“One of the upsides of the shutdown of coal plants is that it opens up space electrically on those wires for us to be able to bring on a lot more renewable energy,” said Karin Wadsack, program manager for the National Renewable Energy Laboratory specializing in grid-scale tribal energy. “That’s a positive in that it means we’ll be able to bring in more renewables without having to build a lot more power lines.”

In a remote grassland and juniper area some 25 miles south of Winslow, the Chevelon Butte Wind Farm is scheduled to be situated on state and private land owned by the O’Haco family, who operates one of the oldest ranching operations in Arizona. Originally Basque sheepherders, the O’Hacos plan to continue raising cattle alongside the turbines.

The nearest residents in Coconino County are eight miles away; the closet neighbors in Navajo County are about 2.5 miles away, says Unrein. “It’s so remote. We’ve identified and avoided all the cultural sites to date, existing transmission infrastructure adjoins our site so we don’t have to build long transmission lines, and we’ve gone above and beyond with our extensive wildlife studies. Biologists have been on site for more than a year surveying eagles almost every day. We have identified where the elevated eagle use is in collaboration with the Arizona Game and Fish Department and are completely avoiding those areas.”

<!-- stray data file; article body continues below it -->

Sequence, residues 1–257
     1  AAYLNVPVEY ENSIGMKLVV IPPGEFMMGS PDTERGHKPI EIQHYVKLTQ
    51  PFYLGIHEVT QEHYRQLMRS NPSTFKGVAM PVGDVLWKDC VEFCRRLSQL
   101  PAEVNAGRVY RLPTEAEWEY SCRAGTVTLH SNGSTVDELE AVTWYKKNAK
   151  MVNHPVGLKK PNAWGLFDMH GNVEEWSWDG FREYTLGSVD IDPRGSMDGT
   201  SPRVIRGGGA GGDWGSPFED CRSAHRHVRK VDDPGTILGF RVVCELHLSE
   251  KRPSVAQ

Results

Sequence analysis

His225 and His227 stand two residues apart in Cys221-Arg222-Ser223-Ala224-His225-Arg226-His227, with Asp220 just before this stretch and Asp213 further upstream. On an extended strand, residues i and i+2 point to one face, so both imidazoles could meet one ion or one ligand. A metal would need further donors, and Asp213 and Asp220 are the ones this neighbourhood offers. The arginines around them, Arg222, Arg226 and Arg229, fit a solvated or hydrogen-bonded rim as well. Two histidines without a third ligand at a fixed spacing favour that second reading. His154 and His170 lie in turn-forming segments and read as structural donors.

sPower also has been working with representatives from the U.S. Fish and Wildlife Service to comply with agency requirements. Meanwhile, the company has hired Flagstaff-based SWCA Environmental Consultants to conduct two-year bird and bat studies, among many other investigations.

“Our site evaluations have indicated that there are no threatened or endangered species concerns,” said SWCA Project Manager Allen Graber, an ecologist. “The project design has taken into consideration eagle use of the area. It’s included strong stakeholder engagement and a thorough (above minimum standards) survey campaign.”